Here’s one summary, from the December 15, 2008 edition of New Yorker. It’s titled “Most Likely to Succeed,” by Malcom Gladwell.

Eric Hanushek, an economist at Stanford, estimates that the students of a very bad teacher will learn, on average, half a year’s worth of material in one school year. The students in the class of a very good teacher will learn a year and a half’s worth of material. That difference amounts to a year’s worth of learning in a single year. Teacher effects dwarf school effects: your child is actually better off in a “bad” school with an excellent teacher than in an excellent school with a bad teacher. Teacher effects are also much stronger than class-size effects. You’d have to cut the average class almost in half to get the same boost that you’d get if you switched from an average teacher to a teacher in the eighty-fifth percentile. And remember that a good teacher costs as much as an average one, whereas halving class size would require that you build twice as many classrooms and hire twice as many teachers.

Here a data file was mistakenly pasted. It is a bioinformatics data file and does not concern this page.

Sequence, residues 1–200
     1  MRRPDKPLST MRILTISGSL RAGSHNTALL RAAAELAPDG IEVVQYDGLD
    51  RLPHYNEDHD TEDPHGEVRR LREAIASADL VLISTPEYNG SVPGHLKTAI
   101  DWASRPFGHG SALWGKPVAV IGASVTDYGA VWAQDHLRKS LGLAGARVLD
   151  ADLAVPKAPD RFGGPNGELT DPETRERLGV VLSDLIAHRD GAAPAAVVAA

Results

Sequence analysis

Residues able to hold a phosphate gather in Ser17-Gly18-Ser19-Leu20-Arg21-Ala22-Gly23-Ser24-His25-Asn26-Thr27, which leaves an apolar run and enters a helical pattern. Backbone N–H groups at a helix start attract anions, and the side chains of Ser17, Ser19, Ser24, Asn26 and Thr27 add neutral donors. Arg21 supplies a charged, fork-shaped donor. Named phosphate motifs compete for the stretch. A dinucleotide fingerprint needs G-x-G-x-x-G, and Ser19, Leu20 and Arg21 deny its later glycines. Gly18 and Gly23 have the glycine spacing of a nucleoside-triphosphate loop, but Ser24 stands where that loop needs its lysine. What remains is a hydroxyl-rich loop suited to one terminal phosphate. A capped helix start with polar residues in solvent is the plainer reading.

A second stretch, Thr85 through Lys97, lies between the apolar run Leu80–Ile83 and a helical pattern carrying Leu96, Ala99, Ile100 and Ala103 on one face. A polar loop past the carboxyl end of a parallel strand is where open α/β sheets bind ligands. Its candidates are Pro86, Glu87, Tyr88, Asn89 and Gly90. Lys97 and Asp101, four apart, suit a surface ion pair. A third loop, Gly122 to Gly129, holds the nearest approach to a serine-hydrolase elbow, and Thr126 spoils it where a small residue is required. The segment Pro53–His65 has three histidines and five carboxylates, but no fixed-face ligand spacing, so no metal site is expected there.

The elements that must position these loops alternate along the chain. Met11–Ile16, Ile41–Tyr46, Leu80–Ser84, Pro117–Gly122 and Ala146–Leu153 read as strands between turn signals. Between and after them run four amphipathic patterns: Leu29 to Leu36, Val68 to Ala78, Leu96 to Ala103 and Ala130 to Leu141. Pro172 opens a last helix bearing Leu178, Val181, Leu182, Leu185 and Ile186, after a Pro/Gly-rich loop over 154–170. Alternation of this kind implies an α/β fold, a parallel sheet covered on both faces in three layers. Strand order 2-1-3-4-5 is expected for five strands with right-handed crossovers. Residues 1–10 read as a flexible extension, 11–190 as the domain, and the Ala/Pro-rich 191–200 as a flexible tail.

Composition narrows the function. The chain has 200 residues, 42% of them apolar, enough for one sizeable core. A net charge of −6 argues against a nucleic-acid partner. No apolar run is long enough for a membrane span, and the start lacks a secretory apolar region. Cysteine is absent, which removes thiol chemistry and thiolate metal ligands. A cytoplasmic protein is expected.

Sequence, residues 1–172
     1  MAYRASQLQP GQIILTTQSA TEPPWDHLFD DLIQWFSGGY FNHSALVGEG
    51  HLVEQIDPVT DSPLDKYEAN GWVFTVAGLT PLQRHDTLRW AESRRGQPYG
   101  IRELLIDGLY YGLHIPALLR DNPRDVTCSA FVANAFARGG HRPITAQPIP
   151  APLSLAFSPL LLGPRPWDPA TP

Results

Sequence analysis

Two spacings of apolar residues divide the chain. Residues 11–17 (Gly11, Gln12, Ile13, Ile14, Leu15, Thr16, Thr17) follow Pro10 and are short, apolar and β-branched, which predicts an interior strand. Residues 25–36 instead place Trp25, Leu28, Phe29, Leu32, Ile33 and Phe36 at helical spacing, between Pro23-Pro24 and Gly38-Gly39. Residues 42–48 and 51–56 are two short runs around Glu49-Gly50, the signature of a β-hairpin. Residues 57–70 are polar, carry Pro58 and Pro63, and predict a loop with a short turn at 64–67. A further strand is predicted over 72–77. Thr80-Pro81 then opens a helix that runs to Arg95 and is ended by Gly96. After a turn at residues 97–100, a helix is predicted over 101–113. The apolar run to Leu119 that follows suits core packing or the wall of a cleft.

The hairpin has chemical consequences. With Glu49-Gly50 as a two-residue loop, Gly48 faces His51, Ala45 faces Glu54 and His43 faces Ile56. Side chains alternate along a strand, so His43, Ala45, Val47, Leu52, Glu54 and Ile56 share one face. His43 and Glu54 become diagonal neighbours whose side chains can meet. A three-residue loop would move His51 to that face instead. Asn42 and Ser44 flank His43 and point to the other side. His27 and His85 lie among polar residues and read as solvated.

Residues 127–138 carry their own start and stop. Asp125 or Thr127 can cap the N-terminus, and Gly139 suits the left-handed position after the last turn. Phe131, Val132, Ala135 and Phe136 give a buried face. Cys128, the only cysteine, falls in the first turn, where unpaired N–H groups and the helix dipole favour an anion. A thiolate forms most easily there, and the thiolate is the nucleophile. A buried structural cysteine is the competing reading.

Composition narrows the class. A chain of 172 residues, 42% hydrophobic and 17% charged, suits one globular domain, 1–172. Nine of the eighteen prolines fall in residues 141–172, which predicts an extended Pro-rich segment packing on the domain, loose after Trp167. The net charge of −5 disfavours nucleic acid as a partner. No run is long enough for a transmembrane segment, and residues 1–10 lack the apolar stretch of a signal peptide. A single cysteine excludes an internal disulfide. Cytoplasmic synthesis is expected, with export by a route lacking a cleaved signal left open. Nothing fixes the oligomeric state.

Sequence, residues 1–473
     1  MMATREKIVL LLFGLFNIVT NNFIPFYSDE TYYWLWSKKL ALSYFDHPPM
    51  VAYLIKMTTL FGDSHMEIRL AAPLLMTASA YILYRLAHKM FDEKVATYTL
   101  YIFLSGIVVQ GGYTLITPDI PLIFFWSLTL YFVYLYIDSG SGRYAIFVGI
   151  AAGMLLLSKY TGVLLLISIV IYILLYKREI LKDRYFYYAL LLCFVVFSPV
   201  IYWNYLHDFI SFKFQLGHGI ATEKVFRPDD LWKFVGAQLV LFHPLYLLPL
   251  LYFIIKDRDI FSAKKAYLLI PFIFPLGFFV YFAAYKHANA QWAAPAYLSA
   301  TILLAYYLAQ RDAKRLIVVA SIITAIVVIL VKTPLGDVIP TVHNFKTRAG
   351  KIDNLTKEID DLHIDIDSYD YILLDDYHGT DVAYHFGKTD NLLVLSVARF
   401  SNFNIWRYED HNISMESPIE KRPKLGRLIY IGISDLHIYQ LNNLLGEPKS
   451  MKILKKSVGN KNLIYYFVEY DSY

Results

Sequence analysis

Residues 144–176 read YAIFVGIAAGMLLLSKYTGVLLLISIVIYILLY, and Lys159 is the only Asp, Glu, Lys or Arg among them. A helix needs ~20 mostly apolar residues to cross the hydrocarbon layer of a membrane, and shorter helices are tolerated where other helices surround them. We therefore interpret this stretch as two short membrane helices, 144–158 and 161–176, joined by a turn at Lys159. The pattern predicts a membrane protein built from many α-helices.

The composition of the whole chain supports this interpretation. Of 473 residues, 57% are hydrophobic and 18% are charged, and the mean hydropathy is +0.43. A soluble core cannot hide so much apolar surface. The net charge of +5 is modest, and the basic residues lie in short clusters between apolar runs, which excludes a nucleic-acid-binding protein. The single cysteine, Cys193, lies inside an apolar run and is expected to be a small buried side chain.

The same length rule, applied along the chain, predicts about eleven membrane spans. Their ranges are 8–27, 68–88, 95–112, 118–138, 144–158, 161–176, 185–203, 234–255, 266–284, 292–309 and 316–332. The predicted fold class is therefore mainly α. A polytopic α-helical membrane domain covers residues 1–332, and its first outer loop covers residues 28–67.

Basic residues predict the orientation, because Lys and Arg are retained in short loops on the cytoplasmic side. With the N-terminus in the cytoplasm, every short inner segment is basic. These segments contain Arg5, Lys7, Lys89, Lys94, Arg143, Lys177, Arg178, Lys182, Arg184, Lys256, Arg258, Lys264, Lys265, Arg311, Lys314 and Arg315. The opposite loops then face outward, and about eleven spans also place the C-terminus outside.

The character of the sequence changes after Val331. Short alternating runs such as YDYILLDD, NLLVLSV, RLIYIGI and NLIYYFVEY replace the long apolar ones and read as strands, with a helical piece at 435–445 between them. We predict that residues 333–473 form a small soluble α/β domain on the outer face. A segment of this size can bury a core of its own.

Gladwelll’s piece is an interesting take on the difficulty of predicting success. He looks at both college quarterbacks who might enter the NFL, and prospective teachers. For some critical takes on Gladwell’s article, see this comment thread at the Democratic Underground. One person, presumably a teacher, complains of being “a scapegoat for the nation’s dysfunctions.”

In How to Fix Our Schools, (Washington Post, October 10, 2010), 16 big-city superintendents call for changes in school personnel policies. Here’s an excerpt: